What is TTaskDialog?
What is TTaskDialog? The TTaskDialog is another dialog that is present within Lazarus and Delphi. In older articles i discussed every single dialog box that was present in Lazarus. However, i left this one out mainly cause this was the most tricky dialog to use among them all. As for why it is tricky, that’s because you need to write code for it to actually work and show itself.
Where we left off before
In Older Posts i discussed all other dialog components of Lazarus. In this article we end that dialog series. And what better than to end it with a cool finale! The TTaskDialog or simply Task Dialog. Is the first dialog we will be writing code for and actually understanding. Ready yourself, and grab a water bottle while you are at it. Keep hydrated whenever coding!
How This Is Gonna Work
The Task Dialog unlike it’s other family members. Does not show up when run as code or double clicked on. It relies on other components to activate itself. And it relies on you to write the code to tell it how to look like. So to make things simple and easy, here is a list of stuff we are gonna do. Details will be given further below as examples!
1 – We use a button, and code it so that when we click it the Task Dialog activates.
2 – We Use the object inspector, to tell how the task dialog is supposed to look like.
3 – We Run the code and watch as the unseen becomes visible! Power of code!
What is TTaskDialog? Time For Making One!
Step 1 – Create A New Program:
An important note, i used the Program application type for all the articles related to dialogs. For the sake of those who are new to this article, Here is how we create the program needed for us to code.
Click New In The Top Right Of The Lazarus IDE
And after doing so a menu should show up, select program and click ok as shown in the image below:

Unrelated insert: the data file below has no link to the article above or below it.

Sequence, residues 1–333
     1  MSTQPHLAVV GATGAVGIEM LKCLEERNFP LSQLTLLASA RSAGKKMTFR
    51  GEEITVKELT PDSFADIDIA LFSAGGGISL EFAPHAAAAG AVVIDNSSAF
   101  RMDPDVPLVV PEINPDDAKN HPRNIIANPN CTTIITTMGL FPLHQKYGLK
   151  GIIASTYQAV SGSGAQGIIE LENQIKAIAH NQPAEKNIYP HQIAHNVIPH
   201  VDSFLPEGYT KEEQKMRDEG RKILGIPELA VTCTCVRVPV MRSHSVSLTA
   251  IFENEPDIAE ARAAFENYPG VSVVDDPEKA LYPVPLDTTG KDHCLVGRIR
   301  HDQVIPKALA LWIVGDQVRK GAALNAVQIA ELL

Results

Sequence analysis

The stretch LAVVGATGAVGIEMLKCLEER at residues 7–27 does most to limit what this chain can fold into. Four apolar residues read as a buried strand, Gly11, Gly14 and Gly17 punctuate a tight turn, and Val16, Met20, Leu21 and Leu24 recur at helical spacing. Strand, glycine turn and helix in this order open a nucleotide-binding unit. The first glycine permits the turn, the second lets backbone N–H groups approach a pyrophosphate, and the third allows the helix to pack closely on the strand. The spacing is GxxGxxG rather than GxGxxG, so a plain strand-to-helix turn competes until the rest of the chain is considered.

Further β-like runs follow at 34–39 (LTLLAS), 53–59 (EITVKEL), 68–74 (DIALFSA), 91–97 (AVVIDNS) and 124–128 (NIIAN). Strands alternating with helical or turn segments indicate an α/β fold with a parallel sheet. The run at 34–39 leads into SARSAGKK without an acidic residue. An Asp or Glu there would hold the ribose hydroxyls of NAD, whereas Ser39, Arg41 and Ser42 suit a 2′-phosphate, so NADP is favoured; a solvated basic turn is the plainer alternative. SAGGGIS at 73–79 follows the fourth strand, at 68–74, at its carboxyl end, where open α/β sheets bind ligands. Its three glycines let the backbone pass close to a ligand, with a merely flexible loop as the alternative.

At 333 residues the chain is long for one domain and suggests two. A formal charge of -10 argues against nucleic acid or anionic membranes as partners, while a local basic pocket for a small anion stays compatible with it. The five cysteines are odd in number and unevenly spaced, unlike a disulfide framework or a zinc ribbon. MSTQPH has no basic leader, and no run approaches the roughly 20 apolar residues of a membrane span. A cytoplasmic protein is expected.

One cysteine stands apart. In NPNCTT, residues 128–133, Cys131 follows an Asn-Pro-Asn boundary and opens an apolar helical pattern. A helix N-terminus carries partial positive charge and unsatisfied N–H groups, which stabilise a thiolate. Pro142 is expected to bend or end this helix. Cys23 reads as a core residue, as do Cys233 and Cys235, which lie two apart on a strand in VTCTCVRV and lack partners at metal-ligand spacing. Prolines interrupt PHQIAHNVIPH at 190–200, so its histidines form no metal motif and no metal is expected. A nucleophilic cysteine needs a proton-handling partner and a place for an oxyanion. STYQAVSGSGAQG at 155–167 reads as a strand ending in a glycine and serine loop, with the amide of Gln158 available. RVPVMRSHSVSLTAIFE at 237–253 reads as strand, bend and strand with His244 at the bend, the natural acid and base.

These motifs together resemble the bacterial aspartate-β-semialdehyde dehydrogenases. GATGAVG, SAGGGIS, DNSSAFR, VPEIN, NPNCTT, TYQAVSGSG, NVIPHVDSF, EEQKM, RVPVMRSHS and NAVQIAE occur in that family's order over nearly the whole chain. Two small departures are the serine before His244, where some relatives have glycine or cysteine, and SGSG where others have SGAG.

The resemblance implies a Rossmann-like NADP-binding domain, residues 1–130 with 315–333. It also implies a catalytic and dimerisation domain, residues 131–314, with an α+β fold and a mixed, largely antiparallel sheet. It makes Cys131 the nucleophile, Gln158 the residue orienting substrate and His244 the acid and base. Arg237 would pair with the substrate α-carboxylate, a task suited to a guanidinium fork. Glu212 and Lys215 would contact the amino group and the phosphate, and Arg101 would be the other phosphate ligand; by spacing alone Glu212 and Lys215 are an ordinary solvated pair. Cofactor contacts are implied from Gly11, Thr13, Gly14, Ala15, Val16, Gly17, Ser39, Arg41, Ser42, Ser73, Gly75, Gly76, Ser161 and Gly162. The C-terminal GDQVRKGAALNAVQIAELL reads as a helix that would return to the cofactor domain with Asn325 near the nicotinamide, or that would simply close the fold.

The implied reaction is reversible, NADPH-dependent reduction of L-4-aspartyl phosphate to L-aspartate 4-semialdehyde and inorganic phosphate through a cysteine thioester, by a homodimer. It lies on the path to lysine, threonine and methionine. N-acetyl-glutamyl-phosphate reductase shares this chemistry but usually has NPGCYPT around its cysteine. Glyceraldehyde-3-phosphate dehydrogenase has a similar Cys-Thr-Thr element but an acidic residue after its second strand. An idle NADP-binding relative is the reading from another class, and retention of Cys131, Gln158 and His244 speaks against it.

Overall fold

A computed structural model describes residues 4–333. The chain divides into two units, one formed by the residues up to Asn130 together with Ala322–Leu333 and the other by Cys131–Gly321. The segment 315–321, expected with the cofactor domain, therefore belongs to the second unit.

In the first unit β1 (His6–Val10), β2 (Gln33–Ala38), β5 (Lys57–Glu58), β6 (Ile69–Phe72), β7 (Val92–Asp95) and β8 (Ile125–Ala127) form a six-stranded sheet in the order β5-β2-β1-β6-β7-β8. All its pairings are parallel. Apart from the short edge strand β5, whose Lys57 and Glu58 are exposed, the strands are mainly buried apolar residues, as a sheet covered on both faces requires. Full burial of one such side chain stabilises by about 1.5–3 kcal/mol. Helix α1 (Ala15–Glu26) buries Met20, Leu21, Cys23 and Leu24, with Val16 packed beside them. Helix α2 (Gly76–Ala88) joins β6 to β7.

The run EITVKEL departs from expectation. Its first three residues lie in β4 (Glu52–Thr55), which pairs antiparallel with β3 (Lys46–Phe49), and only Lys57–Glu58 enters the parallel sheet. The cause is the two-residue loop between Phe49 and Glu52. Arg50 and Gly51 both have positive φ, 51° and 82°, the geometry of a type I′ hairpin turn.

Right! That’s our program application type in place. For review purposes, Lazarus allows us to make many different types of Softwares. The menu that pops up. After clicking New is showing every type of software that can be made in Lazarus. The Program Application Type is what we use for this example. Moving on!
Step 2 – Assembling The Components!
Now that our program is in place, Let’s get to work. In the top menu of Lazarus, at the toolbar. There is a place called Dialogs. Click that and then click the TTaskDialog button. Then click on the form. Your Screen Should look like this:
Now near the same place as the Dialogs menu. Click the Standard Menu. Then click the TButton once, and click again on the form. It should look like this after completion:
All right! If you made it this far, Well done! Now to the fun part. Double click on the button. And you will be taken to a new menu. Here is where we write the code now for the button to work. It’s really simple and you will understand it as soon as you write it down.
Step 3 – Coding The Button
Once you are on the place where we write code. (We lazarus users call it the Source Editor). When you double click on the button, your mouse cursor will be automatically directed to where you start writing the code. Between the “begin” and “end” write this code as shown in the image:
As i mentioned earlier. The code is simple right? We simply told the computer to run the TaskDialog. And here is a side tip. In programming running code is called Executing Code. Most will already know this but just incase for those who are very new to this keep that in mind.
Now our button is in place. Time to make some changes to the TaskDialog. But a minor difference. For the task dialog we won’t have to code. We simply have to use a different menu.
Step 4 – The Task Dialog
Go to Lazarus. And press F11 on your keyboard. Upon doing so, a menu called the Object Inspector will show up.
In that menu, click on TTaskDialog on the top of that menu. Then below you will see a couple menus. Which say Properties, Events , Favorites And Restricted. Click on Properties.
Scroll to the very bottom of the properties menu. You will find a couple places where it says “Text” , “Title” and “Verification Text”. Click on Text first. And type “This is a task dialog.” (without the quotations or with it it’s your choice).
Then click on the Title. And type “Task Dialog”. Lastly click on the Verification Text and type “I Agree I am Amazing at coding.” The object inspector should look like this:
And now for all the marvels, the final step.
Step 5 – Running The Code!
Press F9 on your keyboard and then the program will run. Once run your software menu will show up. Click the button to activate your TaskDialog. It should look like this:
And boom! That is the final of our dialogs dealt with. And hey! It’s a moment of celebration. You typed your first bits of code, and made it through the hardest dialog box of Lazarus! Great Work And Awesome Progress! See you in future posts fellow programmer!